After several months of delay and controversy over who must manage the University of Ghana Medical Centre, the ultra-modern health facility has been opened for public use, Wednesday.
Managers of the hospital say the UGMC will not be a walk-in facility, adding patients will only be treated on a referral basis.
Like the Korle Bu Teaching hospital, patients with minor ailments and without referrals from other hospitals cannot walk into the new facility.
Joy News’ Maxwell Agbagba who was present at the center said the hospital, when fully operational, will be providing services on medical training and simulation, diagnostics as well as services to women and children.
In the interim, however, the outpatient and administrative unit of the hospital will be fully functional.
The first phase of the UGMC was constructed and commissioned in 2016 during the Mahama administration at a cost of $217 million.
However, it was closed for several months in what became a turf war between government and officials of the University of Ghana.
Government had issued a directive for a takeover of the administration of the hospital in the public interest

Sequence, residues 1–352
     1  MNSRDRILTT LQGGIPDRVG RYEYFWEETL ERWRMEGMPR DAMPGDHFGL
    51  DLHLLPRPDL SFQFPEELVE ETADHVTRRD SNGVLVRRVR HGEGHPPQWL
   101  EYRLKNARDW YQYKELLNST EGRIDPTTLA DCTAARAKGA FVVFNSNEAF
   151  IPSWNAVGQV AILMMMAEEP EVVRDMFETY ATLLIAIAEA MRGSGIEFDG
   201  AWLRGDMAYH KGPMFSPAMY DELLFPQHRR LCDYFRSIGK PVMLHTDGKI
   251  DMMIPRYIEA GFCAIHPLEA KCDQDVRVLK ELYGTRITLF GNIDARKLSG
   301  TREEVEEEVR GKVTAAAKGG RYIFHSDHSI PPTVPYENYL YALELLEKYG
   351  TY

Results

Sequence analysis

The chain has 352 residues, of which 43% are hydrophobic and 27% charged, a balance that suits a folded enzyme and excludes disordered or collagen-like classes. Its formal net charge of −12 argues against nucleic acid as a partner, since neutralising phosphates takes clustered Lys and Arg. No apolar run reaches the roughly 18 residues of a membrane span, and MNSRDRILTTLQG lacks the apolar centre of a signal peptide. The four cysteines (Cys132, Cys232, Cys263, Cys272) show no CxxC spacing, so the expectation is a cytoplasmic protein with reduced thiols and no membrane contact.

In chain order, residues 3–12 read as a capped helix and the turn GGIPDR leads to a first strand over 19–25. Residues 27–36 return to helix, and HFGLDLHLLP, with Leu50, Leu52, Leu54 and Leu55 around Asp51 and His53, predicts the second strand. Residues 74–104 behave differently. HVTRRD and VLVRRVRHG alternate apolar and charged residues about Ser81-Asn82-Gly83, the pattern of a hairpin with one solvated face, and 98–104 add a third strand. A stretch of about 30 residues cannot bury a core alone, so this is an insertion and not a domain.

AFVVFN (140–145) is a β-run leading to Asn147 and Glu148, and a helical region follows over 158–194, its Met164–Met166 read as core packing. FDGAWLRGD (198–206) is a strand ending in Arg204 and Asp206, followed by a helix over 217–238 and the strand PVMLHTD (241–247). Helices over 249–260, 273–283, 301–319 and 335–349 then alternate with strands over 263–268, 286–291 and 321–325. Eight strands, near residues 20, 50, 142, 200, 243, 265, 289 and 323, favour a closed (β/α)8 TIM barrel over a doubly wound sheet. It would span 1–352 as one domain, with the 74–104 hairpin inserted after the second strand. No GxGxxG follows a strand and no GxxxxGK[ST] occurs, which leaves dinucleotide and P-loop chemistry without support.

The Public Relations Officer of the Ministry of Health, Mr Robert Cudjoe, explained that the directive had become necessary because it appeared the hospital was going to be run by the university as a private entity, a situation which would disadvantage the public.
But officials of the University of Ghana resisted the attempt.
Subsequently the Health Minister Kweku Agyemang Manu said the facility was not ready for use citing the absence of some facilities including a generator.
The explanations did not go down well with members of the public, with some engaging in social media campaign to have the facility opened.A student of the university was arrested after he accosted the first lady Rebecca Akufo-Addo with a placard demanding the opening of the hospital.
He was later released. After days of congestion in many of the public health facilities, the UGMC has finally been opened.
Interim CEO Dr Darius Osei says in the next six months phase one and phase of the hospital should be fully operational.
“As we move we will complement the wards with the requisite manpower be it, specialists or nurses. For the first two months we will focus on OPD, collaborate with others.
Government has provided an amount of $48 million for the completion of the project.